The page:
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(UK) Plymouth: Plan to mainstream special ed students; special schools 'bursting at the seams'

Nov 13, 2023, Plymouth Live: Plan to place Plymouth SEN children in mainstream schools Ofsted and the Care Quality Commission, which inspected the Plymouth Local Area Partnership in June, found failings in key areas

SW England

A focus on placing children with special educational needs and disabilities (SEND) in mainstream schools in Plymouth as special schools “burst at the seams” forms part of

a “robust” action plan to address failings in the system.

And mainstream schools already managing their SEND children well within their existing budgets will be asked to share best practice, Plymouth city councillors were told this week.

Its cabinet member for education Cllr Sally Cresswell (Lab, Stoke) said there are some great examples in the city of schools working within budget to provide the right education and support for SEND children through professionalism and creative teaching.

She told the education and children’s social care overview and scrutiny committee that the aim is for all schools to be as inclusive as possible and for the city to have fewer children with education, health and care plans (EHC) in the future….

They said that SEND children were not identified early, some miss out on health checks and pupils in Plymouth are more likely to be permanently excluded from school than the national average. The council, together with health providers and schools and colleges which make up the partnership, was asked to address the failures urgently.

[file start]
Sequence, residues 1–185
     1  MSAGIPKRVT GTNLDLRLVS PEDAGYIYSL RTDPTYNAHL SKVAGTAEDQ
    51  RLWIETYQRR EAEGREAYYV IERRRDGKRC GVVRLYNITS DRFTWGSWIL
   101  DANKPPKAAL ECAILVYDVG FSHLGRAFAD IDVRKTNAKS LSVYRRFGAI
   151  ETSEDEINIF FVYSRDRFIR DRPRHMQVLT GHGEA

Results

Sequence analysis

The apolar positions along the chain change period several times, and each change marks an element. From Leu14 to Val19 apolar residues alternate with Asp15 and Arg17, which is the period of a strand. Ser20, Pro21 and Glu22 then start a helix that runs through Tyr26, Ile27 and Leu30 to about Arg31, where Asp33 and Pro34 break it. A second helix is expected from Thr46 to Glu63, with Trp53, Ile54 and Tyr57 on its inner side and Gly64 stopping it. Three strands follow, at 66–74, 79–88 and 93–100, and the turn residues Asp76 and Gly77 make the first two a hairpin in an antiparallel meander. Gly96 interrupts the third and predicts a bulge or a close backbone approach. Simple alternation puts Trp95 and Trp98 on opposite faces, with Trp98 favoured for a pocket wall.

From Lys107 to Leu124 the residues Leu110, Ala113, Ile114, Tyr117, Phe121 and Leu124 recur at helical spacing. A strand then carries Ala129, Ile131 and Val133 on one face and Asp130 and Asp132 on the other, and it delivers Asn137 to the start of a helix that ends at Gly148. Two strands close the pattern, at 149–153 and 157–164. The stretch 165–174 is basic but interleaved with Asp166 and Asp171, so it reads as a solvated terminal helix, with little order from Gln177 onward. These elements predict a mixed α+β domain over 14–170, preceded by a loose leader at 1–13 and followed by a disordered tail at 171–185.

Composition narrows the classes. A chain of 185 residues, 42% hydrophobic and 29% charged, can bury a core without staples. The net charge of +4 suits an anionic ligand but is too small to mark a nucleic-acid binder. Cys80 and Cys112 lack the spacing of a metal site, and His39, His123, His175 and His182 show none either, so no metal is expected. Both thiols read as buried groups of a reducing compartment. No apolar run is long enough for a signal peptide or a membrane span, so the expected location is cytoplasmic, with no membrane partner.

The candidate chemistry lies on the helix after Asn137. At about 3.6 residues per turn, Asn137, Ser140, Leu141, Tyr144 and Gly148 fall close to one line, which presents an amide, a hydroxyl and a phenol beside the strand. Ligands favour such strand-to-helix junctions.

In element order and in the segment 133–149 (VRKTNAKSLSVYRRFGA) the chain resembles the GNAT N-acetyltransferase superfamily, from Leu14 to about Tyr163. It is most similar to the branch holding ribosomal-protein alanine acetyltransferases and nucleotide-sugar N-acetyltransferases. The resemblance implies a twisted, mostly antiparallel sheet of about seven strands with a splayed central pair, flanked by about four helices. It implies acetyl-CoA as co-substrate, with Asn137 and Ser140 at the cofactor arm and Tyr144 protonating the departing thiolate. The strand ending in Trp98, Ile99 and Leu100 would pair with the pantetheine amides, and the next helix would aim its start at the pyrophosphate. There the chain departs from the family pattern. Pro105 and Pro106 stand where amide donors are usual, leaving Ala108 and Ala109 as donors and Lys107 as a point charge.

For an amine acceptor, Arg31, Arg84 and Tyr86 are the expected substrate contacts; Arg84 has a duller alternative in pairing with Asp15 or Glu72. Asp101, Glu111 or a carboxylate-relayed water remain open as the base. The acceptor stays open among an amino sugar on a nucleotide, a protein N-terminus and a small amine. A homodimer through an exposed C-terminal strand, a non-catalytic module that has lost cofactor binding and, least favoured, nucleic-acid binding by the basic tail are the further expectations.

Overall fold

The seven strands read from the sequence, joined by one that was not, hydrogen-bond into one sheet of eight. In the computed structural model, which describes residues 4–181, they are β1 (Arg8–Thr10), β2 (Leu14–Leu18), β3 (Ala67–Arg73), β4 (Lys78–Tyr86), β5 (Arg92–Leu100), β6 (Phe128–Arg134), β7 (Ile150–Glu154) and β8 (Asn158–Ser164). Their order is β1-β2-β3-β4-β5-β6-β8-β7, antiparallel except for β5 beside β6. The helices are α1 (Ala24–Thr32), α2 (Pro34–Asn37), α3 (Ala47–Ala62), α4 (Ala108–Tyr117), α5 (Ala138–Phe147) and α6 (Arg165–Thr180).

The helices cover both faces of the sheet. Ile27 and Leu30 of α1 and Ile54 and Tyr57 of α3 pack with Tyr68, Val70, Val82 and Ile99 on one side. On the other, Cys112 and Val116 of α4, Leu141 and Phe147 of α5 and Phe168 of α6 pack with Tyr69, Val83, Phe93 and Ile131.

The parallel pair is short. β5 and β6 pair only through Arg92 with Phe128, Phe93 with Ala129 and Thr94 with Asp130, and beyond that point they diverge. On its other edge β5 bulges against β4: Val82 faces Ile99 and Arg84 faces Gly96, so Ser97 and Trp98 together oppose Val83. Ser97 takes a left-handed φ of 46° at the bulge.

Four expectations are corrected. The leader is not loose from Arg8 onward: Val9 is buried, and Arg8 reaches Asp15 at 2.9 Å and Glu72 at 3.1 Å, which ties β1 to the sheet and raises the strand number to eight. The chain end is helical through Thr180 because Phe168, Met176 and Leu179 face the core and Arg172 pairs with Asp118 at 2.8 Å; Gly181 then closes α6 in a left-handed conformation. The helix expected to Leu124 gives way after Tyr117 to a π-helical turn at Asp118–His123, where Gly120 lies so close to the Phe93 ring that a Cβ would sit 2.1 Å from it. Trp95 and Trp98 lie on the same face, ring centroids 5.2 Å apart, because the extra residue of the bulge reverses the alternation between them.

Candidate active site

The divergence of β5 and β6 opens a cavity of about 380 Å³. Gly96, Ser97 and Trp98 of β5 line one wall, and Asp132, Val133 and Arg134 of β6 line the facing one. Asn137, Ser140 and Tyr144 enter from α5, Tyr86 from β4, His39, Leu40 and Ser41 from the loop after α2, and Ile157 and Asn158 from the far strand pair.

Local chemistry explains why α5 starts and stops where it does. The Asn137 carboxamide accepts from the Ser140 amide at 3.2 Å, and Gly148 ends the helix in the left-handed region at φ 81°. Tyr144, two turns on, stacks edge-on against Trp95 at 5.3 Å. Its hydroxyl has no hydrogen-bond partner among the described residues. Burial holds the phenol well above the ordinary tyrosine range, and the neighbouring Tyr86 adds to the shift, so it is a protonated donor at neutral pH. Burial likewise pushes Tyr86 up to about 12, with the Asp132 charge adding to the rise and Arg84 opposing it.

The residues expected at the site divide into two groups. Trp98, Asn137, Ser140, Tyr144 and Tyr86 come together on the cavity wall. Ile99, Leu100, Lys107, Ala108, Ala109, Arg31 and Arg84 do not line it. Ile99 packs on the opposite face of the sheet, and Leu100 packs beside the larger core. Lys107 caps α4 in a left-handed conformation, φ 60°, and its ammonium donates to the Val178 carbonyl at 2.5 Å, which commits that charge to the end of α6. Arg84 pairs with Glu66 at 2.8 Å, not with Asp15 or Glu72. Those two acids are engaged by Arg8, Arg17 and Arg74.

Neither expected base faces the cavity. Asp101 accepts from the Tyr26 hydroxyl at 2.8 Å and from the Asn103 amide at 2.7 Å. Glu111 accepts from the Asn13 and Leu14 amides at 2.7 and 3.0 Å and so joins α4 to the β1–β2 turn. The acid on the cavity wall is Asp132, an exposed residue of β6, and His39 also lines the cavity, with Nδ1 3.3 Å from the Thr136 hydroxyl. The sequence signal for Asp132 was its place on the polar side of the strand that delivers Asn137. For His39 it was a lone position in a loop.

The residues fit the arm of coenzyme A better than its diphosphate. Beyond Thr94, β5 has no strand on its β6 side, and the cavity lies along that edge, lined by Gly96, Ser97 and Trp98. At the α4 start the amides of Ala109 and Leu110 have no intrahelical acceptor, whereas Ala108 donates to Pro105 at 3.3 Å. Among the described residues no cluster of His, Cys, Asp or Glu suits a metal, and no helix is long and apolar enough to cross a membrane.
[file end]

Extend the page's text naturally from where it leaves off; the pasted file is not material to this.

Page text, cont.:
A new independently chaired Plymouth SEND improvement board will meet every six weeks to oversee the action plan, providing regular reports to the scrutiny committee.

Cllr Terri Beer (Ind, Plympton Erle) said the biggest concern in her area is some children not getting a place at a school at all. A protest was held in Plymouth recently as part of a national campaign for change at which parents spoke about the “soul-destroying battles” they face to get school places.

“The special schools are bursting at the seams. They could take on another 70 children if they had capacity to do that,” said Cllr Beer. “There are some children who do not have a place in any school and that is not right, is it? I am also worried that schools are struggling to cope because they do not have the wrap-around care for SEND pupils which puts a strain on the delivery of education for those who want to learn and puts these young people way behind.”

Interim service director of education, participation and skills, Annie Gammon, said if the council was investing in capital buildings it needs to make sure it is for the right need. A drop in primary pupil numbers meant there would be more space available in primary schools and she expected there to be extensions to some special and mainstream schools. A strategy is expected in the next month on this.

She said an increasing number of children have needs that cannot be currently catered for and that years of isolation because of the pandemic has presented new challenges.
“We are looking at funding more places in mainstream schools with a higher banding of SEND provision. We want our schools to be as inclusive as possible without disrupting the whole class.”

1 comentário

Forced, involuntary "mainstreaming" is true ableism and abuse. This thing erupted since 1986 with Ronald Reagan, another 33rd or similar "good man who was fooled" of course. By the same people who still believe that the world's incredible "European" structures were absolutely "built in a couple of years with horses and wagons, without any power tools/built by tiny ordinary humans" rather than the Nephilim/fallen angels or similar supernatural beings or that the earth is a "tiny spinning ball round' a gigantic sun" (the latter lie, has its roots in the Kabbalah and NASA. Found everywhere, even in homeschool astronomy textbooks too).

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